This is a gruesome antithesis of Mary’s reckless act of worship. A far cry from an otherworldly
transfiguration.

Jesus on the cross is not a potent display of power. It doesn’t move anyone to declare, “You are
the Christ.”

In fact, in the minds of Mary, John and Peter—in the minds of all his followers—it looks like
nothing more than a scandal. A fraud. A huge, out-of-nowhere upset late in the quarter.

This can’t be happening. Not to our Messiah. But it is.

Cursing Christ

The mockery doesn’t stop. Someone cries, “Let Christ, the King of Israel, now come down from
the cross, so that we may see and believe!”

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A final demand for a miracle by the unbelieving Jewish authorities. A miracle they claim would
convince them once and for all that Jesus is indeed who he says he is: The Messiah.

Their claim is false.

They would not believe. They refused to believe any miracle up to that point. And they would
refuse to believe in the resurrection.

In the end, they satisfied the desires of their heart at the expense of the suffering Christ. But,
without knowing it, they established the glory and perfection of Jesus—He saved others but
not himself.

What the Work of the Crucifixion Means

Just like when Jesus forgave the sins of the cripple, there is an invisible work going on with
the crucifixion. This is what we don’t see, he work occurring out of every one’s sight between
Jesus and God…the work that darkened Jesus’ soul, broke his body but displayed his absolute
perfection.

All the work between himself and God.

And morally rejected by the world there was no longer any room in it for his mercy towards it.
He drank in his soul the cup of death and the judgment of sin.

His work was complete.

Obedient to the end, he dies. But his death ushers in another world. A life where evil could
never enter…and the new man will be perfectly at peace in the presence of God.

How Do You See the Suffering Messiah?

The man who sees the danger in mocking the suffering Messiah will with relentless intensity
seek salvation.

The man who sees the forgiveness for sin and the gift of eternal life purchased for him by the
suffering and death of the Son of God will rejoice endlessly.

And the man who sees the sins which crucified Christ will mourn with godly sorrow.

How do you see the suffering Christ?

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Death: The Messiah Commits
His Soul to God
[Mark 15:33-39]

Not long after a challenge to crawl down from the cross—and accusations that Christ was not
who he said he was—a Roman centurion makes an unusual statement.

It was noon when darkness covered the whole land. A sign that satisfied Amos 8:9. A sign that
satisfied Jeremiah 15:9.

A sign the Jews didn’t expect. Nor even noticed as such.

But a sign that signaled their blindness. Their subjection to spiritual darkness.

The darkness remained for three hours. And in that darkness Jesus cried, “My God, my God,
why have you abandoned me?”

Jesus didn’t complain of Peter’s betrayal. He didn’t complain that his followers fled from him.

He complained that God had forsaken him.

And made a sacrifice of sin for us, Jesus now suffered God’s fury and wrath. The wrath Jesus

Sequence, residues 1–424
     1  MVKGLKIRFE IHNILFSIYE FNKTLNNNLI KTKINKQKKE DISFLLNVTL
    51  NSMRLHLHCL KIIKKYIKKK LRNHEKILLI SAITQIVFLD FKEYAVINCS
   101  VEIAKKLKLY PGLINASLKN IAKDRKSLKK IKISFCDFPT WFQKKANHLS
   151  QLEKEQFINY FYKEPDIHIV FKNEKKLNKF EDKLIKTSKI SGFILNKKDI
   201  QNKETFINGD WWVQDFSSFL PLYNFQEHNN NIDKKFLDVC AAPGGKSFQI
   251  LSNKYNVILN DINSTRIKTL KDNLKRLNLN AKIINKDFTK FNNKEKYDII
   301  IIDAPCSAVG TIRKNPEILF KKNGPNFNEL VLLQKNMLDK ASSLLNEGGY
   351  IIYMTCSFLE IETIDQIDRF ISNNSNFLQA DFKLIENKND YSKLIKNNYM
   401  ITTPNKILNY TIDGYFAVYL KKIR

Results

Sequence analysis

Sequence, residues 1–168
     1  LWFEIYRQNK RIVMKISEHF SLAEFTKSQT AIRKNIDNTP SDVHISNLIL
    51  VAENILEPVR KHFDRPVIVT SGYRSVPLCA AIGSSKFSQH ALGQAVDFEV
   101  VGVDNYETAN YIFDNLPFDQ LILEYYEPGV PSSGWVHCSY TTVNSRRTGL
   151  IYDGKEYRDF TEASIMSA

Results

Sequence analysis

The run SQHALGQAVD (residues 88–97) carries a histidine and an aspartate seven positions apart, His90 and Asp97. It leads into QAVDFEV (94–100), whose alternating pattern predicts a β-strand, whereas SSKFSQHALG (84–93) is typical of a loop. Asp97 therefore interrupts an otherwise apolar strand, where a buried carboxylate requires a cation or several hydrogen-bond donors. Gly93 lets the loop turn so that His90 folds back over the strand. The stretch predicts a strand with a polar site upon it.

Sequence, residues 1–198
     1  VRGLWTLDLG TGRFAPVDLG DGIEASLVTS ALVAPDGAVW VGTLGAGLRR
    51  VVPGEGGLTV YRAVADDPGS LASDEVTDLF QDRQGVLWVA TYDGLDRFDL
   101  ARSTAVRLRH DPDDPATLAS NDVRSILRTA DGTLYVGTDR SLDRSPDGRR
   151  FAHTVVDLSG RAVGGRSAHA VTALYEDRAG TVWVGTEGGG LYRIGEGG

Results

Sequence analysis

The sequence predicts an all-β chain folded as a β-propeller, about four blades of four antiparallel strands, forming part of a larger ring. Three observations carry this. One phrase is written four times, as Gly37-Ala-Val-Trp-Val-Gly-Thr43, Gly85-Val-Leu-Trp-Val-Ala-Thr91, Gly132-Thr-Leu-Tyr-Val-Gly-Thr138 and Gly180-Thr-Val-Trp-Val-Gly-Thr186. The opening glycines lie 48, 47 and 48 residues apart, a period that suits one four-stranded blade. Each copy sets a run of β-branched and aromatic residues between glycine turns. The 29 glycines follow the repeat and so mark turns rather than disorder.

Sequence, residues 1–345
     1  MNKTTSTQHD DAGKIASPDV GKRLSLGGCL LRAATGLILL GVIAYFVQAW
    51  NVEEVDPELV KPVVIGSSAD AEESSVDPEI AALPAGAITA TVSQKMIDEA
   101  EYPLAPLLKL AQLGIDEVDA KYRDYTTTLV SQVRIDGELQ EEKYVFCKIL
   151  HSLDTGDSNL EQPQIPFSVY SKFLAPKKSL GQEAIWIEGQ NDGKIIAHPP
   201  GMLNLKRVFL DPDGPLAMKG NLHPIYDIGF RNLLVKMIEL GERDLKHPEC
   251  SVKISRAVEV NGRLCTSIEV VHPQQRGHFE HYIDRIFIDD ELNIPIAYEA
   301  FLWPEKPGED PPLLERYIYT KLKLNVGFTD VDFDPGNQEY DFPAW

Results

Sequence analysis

feared in the garden. This was the agony he suspected he’d endure.

Wrath seen in the Old Testament consuming fire. Fire that consumed the sacrifice. Fire that
should’ve consumed the sinner.

It fell on Christ.

A sacrifice that pacified God. A sacrifice that cried long and bitterly.

Comfort to All Christians

Startled by this sudden appearance of life in Jesus, someone soaked a sponge in sour wine, put

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it on the end of a long stick and raised it to Jesus’ lips.

They intended to cool his mouth. Not to nurse him. But to mock him. As if to say, “He’s crying
for the prophet Elijah to rescue him. What other crazy thing can we get him to say?”

Then, Jesus died.

And at that instant, the veil of the temple was torn from top to bottom, a signal that the nation
of Jews would eventually be destroyed…

Ichabod, the glory is departed from Israel.

And it signaled comfort to Christians: Here is a new and living way into the holiest by the way of
Jesus’ blood.

And now we come to the centurion’s statement. Convicted and convinced, the centurion who
oversaw the execution confessed: “Truly this man was the Son of God!”

The unjust punishment of a sinless man. The honor that heaven declared to the suffering
servant.

Even in the depths of humiliation and persecution, Jesus was declared the Messiah. The Son of
God. And he was declared to be so with power.

From conquering storms and subduing demons to human worship and heavens that declare his
death, Jesus is named the Messiah.

The reigning King. Whom we adore and serve. Forevermore.

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About the Author
Demian Farnworth is the managing editor for an international
humanitarian aid organization and blogger at Fallen and Flawed.
He lives with his wife and two children in Illinois.

FallenandFlawed.com

About the Designer


Cameron Morgan is a visual designer in Orange County, California.
He digs theology and spending time with his wife and daughter.

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FallenandFlawed.com